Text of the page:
Barn i gymnastiksal Foto: Mostphotos
Photo: Mostphotos


"Both the Covid-19 pandemic and the climate crisis dramatically reveal both our planet’s fragility and our own vulnerability as a species," she says.

Helena Hörnfeldt Photo: privat
Helena Hörnfeldt Photo: privat

How is the Covid-19 pandemic affecting children’s fears?

"It’s clear that there will be no boundaries, fences or walls that can stop either climate change or the Covid-19 pandemic. That makes the fear even scarier."

"They are also influenced by the uncertainty of the future, in combination with a dystopian mediascape that focuses on threat, crises and catastrophes. What can we know about the future? What is the meaning of school, social life and love – if there’s no future to look forward to?"

What normally scares children?

"In interviews I conducted with children between 7 and 18, many children were mostly afraid of certain animals, failing in school, terror attacks, the dark and climate change. But their fears vary with age, gender and social background."

How does social media affect the information children receive?

"Nowadays parents can’t protect their children from seeing the enormous flood of news that comes to us, young and old, on mobile phones, TVs, and computers."

"Additionally, information reaches children without the filter of parents, teachers or state media. Many children find out what is happening from media to which neither teachers nor parents have access. There’s a risk that rumours and false claims about the coronavirus are spreading, but we shouldn’t forget that children today are significantly better at evaluating information and media than many adults."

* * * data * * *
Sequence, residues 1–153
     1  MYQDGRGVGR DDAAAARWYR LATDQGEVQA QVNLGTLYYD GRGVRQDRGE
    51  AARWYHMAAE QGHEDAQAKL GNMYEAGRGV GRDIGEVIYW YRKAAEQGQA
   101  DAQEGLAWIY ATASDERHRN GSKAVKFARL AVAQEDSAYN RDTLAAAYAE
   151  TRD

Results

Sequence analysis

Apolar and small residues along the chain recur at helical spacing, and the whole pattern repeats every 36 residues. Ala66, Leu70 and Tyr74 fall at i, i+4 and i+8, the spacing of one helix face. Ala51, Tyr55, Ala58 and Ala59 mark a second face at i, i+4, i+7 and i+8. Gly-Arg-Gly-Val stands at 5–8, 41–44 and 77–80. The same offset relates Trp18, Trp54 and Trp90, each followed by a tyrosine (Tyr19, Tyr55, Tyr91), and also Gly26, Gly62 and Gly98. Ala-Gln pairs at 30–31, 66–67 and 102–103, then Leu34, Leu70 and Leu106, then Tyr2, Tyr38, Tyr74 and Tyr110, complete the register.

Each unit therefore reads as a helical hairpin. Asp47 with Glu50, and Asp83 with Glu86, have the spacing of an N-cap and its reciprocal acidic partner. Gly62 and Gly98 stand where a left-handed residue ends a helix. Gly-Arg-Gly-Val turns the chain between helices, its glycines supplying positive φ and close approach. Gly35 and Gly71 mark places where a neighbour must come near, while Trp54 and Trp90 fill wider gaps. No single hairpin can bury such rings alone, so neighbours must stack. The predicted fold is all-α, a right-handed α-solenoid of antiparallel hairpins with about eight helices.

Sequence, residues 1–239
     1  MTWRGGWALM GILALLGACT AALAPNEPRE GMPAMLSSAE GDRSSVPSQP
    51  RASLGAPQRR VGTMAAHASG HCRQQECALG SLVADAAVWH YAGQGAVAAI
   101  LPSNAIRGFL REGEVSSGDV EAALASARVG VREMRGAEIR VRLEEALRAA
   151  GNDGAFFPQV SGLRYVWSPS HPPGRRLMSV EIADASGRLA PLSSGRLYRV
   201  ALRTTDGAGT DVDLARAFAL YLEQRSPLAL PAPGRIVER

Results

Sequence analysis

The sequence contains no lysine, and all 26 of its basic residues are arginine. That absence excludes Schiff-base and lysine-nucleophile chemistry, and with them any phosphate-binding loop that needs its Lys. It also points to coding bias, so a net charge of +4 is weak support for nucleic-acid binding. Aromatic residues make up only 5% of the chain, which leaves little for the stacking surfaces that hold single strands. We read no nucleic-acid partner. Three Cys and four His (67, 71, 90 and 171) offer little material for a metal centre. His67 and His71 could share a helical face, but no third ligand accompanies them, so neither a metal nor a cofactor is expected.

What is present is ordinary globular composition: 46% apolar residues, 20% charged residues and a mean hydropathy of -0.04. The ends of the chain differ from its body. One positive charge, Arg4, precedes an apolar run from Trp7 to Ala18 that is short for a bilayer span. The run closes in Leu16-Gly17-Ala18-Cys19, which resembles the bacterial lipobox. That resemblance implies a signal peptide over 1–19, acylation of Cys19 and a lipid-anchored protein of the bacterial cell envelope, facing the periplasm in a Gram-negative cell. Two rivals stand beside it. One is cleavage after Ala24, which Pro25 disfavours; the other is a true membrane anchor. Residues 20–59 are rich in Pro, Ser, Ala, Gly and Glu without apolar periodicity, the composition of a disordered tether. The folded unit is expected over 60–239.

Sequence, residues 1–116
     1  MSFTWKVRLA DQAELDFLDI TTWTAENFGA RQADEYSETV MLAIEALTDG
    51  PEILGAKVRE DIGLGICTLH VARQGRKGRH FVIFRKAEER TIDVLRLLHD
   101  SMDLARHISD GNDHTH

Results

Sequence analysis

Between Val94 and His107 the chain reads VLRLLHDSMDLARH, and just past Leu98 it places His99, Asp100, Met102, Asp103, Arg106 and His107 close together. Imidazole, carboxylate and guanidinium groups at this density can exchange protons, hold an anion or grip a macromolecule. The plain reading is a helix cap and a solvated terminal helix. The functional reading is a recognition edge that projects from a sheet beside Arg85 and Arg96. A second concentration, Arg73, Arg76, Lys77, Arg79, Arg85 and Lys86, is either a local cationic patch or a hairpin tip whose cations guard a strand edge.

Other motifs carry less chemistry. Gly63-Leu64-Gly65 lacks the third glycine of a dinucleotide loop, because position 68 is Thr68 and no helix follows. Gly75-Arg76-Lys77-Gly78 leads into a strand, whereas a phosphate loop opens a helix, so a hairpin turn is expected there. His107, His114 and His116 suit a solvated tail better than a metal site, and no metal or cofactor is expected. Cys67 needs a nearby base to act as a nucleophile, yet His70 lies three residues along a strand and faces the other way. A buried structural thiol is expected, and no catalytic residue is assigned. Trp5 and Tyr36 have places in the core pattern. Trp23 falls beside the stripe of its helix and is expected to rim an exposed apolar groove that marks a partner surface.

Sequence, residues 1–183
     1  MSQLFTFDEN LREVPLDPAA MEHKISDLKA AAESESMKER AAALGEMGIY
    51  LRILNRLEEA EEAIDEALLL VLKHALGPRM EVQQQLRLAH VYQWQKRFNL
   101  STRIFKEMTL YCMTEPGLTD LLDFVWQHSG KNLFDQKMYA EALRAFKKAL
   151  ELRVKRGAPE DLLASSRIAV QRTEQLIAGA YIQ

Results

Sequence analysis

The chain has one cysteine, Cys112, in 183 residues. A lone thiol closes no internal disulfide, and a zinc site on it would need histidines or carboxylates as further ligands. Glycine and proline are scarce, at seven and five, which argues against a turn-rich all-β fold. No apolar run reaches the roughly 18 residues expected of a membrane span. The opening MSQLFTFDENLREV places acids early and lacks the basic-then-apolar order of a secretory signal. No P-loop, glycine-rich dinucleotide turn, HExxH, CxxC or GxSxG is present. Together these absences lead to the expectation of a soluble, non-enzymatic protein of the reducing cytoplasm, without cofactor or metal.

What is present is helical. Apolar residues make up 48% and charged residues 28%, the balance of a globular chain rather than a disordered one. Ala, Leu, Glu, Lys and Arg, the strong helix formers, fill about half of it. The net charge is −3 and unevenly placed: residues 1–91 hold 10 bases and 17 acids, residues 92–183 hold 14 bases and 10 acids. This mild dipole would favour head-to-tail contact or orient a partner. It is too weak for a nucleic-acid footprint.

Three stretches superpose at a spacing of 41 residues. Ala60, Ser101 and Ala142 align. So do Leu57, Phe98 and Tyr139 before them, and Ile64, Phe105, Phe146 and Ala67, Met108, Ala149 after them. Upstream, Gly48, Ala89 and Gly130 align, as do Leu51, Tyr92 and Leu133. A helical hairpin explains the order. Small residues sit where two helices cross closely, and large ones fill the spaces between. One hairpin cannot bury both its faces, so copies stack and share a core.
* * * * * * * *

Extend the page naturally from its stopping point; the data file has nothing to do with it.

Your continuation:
How have children’s fears varied over time?

"Worry and fear are not a new phenomenon for humans. Feeling fear when faced with war, natural catastrophes, natural phenomenon, animals, nature, sickness and death has most likely been around in every generation, even if the way we understand the feelings and ourselves has changed. Over time, however, the fears have become more diffuse and amorphous and more tinged with anxiety, insecurity and angst."

Has the Covid-19 pandemic changed this pattern?

"Children’s lives today are characterised by a safety consciousness and expectations of absolute security, at least for children in wealthy countries of the West. At the same time, worry and fear determine more and more of our daily activities and life choices."

"When a threat or real danger comes as close as the coronavirus has, something happens to fear. The danger and threat are suddenly real. Fear of terrorist attacks was not nearly as apparent among young people in interviews I conducted before the 2011 terrorist attack in Norway. But that changed. If it could happen in Norway, it can just as easily happen in Sweden. Violence and death got close to young people when it had seemed so far away before. The same thing happened now when the coronavirus was only in China. When the unthinkable happens in an otherwise safe environment it changes how we understand and interpret our worlds and our feelings at their core."

Why did you become interested in children and fear?

"I started my research on children and fear connected to climate changes. My entry point was the similarities between governmental advocacy work in the 30s and 40s compared to today. Back then it was hygiene practices that they wanted to communicate to the population, and now it’s knowledge about climate issues. Both then and now, the messages were communicated through the children who would then pass information on to their families."